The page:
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For Libyans, Amb. Stevens was simply 'Chris'

US Ambassador to Libya Christopher Stevens, who was killed last month, made a rare and powerful difference as a US diplomat through his accessibility to Libyans.

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“He was one of our best diplomats, a very committed Arabist,” says David Mack, a scholar at the Middle East Institute in Washington and former US diplomat in several Arab countries, including Libya, who knew Stevens. “He had all the right instincts; selfless, dedicated – and smart.”

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Stevens first served in Libya as deputy chief of the US mission from 2007 to 2009. He returned via a Greek cargo ship in April 2011 as the US envoy to revolutionary leaders in Benghazi. 

Soon after arriving, he went to see Bani in the latter’s office. The two would meet there regularly to discuss Libya – and life. 

“He asked me about my life as an officer – how I joined the Air Force, and how I joined the revolution,” Bani recalls. 

Bani told Stevens about his plans in 1981 to train as a commercial pilot in the UK – plans thwarted by the Qaddafi regime, which forbade him from traveling and put him in the Air Force. Other times, Stevens would ask Bani’s assessment of NATO air strikes against regime forces, a question he also put to ordinary Libyans, Bani says.

In early summer 2011, Stevens and Lawgali met for the first time. Over the following year the two worked together to support the civil society that was flowering in Libya after years of repression.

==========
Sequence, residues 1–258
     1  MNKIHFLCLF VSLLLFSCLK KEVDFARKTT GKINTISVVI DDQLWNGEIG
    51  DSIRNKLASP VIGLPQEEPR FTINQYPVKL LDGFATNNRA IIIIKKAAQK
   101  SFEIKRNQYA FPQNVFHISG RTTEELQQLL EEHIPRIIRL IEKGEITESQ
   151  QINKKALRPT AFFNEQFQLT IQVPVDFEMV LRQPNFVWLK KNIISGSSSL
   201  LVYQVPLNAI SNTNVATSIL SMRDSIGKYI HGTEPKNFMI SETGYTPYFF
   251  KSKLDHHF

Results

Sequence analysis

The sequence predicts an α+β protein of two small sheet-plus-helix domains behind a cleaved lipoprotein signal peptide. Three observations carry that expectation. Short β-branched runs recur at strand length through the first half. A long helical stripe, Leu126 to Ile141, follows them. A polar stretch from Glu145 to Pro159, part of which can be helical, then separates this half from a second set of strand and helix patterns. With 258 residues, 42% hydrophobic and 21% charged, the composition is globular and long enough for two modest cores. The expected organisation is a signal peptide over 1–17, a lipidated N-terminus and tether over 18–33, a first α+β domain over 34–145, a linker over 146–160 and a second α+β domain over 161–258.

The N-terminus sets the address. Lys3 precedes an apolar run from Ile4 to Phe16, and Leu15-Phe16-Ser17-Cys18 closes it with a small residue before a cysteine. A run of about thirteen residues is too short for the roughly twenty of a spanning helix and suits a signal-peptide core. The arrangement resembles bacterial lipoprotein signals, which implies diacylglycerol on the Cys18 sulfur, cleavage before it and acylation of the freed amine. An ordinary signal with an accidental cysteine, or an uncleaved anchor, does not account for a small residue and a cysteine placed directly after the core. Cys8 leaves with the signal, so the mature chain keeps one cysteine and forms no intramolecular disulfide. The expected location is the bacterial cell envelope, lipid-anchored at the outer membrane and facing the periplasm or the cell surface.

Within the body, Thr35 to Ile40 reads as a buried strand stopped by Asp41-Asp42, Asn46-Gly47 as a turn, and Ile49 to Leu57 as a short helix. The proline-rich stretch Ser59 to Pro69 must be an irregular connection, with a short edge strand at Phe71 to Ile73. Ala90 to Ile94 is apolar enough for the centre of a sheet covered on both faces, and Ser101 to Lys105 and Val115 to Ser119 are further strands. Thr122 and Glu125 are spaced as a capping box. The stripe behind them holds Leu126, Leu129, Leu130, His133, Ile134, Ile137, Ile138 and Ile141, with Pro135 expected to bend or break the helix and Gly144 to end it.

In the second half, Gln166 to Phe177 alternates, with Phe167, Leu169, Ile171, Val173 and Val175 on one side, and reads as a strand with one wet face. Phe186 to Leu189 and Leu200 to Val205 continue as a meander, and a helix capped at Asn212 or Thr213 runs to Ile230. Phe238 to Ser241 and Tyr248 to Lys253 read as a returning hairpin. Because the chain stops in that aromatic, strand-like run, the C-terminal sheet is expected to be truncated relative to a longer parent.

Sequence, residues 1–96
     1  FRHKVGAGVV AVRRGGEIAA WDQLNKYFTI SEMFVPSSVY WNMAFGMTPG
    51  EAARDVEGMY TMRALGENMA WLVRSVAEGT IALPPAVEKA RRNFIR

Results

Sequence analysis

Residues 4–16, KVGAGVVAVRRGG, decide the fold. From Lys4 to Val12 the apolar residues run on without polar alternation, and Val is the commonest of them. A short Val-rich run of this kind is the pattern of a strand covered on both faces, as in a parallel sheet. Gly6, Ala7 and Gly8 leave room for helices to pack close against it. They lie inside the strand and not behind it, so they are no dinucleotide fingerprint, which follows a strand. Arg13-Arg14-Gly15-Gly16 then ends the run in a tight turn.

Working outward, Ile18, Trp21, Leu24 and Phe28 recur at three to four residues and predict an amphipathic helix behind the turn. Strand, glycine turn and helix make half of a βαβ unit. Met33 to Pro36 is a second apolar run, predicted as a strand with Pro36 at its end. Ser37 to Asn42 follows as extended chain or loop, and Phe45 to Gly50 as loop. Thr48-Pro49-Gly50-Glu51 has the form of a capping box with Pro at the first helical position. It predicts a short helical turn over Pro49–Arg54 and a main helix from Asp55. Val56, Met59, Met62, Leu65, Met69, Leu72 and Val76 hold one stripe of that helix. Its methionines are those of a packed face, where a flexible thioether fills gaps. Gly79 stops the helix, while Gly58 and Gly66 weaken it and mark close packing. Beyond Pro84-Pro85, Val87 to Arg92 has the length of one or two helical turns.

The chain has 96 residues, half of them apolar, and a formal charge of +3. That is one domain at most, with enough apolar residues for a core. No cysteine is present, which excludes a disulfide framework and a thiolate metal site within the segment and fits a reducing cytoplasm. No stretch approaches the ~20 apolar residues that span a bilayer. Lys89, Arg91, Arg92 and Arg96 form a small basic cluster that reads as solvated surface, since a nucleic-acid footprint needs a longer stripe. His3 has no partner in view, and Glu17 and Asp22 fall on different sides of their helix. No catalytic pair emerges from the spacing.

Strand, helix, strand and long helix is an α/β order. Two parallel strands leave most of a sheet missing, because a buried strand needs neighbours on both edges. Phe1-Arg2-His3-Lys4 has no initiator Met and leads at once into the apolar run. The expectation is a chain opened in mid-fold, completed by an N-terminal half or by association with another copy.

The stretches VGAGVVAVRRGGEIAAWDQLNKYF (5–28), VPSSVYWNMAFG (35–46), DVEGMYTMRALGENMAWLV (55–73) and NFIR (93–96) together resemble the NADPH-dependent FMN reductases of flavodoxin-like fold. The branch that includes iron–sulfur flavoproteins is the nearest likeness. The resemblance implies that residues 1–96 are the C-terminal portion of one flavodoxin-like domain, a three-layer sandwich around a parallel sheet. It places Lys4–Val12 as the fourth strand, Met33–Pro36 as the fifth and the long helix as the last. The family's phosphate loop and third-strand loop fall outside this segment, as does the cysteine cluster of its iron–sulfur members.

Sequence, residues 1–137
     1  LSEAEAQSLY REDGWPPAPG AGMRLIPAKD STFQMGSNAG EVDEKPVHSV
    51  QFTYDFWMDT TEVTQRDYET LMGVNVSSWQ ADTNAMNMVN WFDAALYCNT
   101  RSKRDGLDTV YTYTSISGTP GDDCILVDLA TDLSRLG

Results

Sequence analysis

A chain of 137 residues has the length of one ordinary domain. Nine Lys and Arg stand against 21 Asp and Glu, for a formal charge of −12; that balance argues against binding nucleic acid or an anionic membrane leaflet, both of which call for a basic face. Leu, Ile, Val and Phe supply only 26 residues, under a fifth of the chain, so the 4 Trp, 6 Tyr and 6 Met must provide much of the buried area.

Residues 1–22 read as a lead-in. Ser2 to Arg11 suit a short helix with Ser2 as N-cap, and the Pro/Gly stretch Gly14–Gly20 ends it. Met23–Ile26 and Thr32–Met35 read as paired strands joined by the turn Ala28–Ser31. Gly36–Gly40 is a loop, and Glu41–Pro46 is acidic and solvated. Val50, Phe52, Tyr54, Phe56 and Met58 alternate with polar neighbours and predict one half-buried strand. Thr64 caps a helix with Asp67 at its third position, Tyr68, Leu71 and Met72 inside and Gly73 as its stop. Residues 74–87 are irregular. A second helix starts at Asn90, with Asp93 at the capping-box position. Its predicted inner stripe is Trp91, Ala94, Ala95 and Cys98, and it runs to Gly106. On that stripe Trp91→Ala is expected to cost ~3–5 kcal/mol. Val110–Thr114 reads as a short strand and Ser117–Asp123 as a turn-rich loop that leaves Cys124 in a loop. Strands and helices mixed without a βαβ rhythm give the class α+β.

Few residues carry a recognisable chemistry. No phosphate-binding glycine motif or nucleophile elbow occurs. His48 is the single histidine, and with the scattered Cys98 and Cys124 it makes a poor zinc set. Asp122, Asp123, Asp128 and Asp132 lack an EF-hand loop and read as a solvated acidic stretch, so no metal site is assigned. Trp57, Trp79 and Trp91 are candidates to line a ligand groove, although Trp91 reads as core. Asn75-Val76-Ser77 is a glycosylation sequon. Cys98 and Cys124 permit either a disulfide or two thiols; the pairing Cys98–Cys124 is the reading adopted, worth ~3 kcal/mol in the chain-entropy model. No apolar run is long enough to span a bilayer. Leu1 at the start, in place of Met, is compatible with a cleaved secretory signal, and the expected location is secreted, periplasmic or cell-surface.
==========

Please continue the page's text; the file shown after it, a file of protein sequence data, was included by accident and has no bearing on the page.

For Lawgali, such cooperation trumps politics as the key to building relations, a conviction formed during 15 years studying and working in the US.

“In the Middle East, we concentrate on politics,” he says. “But when you live in the US and find that people there aren’t really different from people you know, you start rethinking politics and its importance.” 

In October 2011, the two men attended the opening of Hamza Tawassal, an NGO workspace in Benghazi launched by US charity Mercy Corps, with support from USAID and Libya’s culture ministry. 

“Mr. Stevens talked about how the US would help Libyans achieve democracy,” says Ms. Eljawhari, then working for Mercy Corps. “And he tried to talk with people in Arabic, even though he said he was just a beginner.” 

Stevens’ term as US envoy to Libya ended the following month, but he returned last May as ambassador. On Sept. 11 he was visiting Benghazi to open an American cultural center when protests erupted there over an anti-Islam film. An attack on the consulate left Stevens and three colleagues dead. US officials say they believe the attack was pre-planned; an investigation is ongoing.

In the following days, Libyans marched in the streets to condemn the film and the violence, and mourn the ambassador named on placards as “a friend of Libya.” 

Ms. Eljawhari helped organize demonstrations in Benghazi. Some passersby joined in; others questioned any sympathy for the US in light of the anti-Islam film.

On Sept. 21, thousands marched in the city, prompting a hardline Islamist militia accused of involvement in the consulate attack to withdraw peacefully from its base.

“I can’t tell you that all people love international support,” Eljawhari says. “But in general, most people who want to build a country open to the world welcome cooperation with the US and other countries.” 

That is where the US could play a helpful role, say Bani and Lawgali. They suggest training for state security forces, student exchange programs, and language teaching as potential avenues of support. 

America must also name a new ambassador. Lawgali hopes it will be someone like Stevens. 

“Just as Americans have a certain image of Arabs, Arabs have a certain image of Americans,” he says. “This guy came and presented a different, and positive, image.”


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